It is plausible that rising gasoline prices may cause unemployment. since gasoline is a resource needed by many sectors of the economy, including transportation, farming, etc. Oil is also used for other fuels, and has many non-fuel uses, e.g. plastics. If oil and gasoline prices rise quickly then reduced profit margins may cause business failures and job losses for companies that cannot respond quickly by raising prices.

There does not seem to be a plausible argument that unemployment could directly cause gasoline prices to increase. However, some may argue that third factors could cause both unemployment and gasoline prices to increase. Thus, Barsky and Kilian (2005) provide arguments that macroeconomic variables may influence oil prices, and argue that oil prices may not be the only explanation for US stagflation during the 1970's.[6]

Pearl (2009) documents that statisticians and economists have generally avoided the study of causality in relation to economics. At this point there are theoretical disagreements about how causality in economic systems can be analyzed using statistical information. This does not change the fact that causal relationships exist (economic events are not just happening completely at random, independently of each other). Nor does it change the fact that understanding economic causality is important to the prosperity of nations.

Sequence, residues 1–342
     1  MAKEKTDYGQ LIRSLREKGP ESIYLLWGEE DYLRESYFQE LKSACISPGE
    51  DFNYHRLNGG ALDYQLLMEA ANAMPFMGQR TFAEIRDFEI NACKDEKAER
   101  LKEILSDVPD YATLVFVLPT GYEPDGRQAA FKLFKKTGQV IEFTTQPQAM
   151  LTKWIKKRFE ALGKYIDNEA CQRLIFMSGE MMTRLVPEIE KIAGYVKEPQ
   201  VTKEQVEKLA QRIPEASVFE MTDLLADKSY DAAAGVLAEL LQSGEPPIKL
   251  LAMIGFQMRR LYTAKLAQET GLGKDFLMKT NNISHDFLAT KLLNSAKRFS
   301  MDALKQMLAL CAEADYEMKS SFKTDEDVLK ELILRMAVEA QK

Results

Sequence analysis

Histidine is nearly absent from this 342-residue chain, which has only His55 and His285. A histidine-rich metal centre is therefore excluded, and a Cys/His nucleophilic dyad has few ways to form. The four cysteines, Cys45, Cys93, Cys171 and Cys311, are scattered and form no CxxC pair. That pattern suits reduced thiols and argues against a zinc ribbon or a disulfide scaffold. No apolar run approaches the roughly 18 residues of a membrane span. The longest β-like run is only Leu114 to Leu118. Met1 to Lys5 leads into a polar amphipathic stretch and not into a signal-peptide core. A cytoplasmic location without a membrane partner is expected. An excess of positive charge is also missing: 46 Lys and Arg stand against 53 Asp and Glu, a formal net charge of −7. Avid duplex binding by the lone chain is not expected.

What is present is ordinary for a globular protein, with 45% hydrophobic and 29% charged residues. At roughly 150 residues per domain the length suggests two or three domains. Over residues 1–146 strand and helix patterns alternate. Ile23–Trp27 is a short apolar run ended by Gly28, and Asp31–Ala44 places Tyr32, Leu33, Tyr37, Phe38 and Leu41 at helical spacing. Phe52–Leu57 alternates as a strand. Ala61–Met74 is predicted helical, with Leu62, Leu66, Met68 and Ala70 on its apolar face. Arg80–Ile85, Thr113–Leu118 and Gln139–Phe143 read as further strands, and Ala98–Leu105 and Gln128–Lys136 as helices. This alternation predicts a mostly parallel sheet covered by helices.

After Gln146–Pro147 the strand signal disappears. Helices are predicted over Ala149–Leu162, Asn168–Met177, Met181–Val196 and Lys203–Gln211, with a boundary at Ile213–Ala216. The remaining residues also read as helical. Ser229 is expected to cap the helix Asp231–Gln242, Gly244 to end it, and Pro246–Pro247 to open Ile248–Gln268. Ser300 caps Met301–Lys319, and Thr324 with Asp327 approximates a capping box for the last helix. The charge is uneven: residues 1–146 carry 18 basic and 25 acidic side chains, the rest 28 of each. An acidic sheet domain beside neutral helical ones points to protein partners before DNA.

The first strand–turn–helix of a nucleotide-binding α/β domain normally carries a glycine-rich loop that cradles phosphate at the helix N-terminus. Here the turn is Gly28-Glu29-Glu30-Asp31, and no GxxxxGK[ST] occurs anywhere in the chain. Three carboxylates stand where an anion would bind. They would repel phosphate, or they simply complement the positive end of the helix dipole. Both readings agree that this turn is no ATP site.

My view is that from a systems theory perspective there are factors that make it inherently difficult for people to reach agreement about economic causality:  An economy is a multivariable system, with potentially circular relationships between variables, which may imply nonlinear, chaotic behavior. These relationships involve large-scale interactions between agents (individuals, corporations and nations) dynamically making choices at multiple levels affecting multiple variables, including not just the prices of resources and labor, but the price of money itself. Though these agents are often rational, their choices are effectively probabilistic events, in which agents act with imperfect information and imperfect logic seeking to optimize multiple variables. Economies are not closed, statically structured systems: they are open to innovations, changes in availability and usage of resources, influence by climate and ecology, national and global politics, warfare, etc.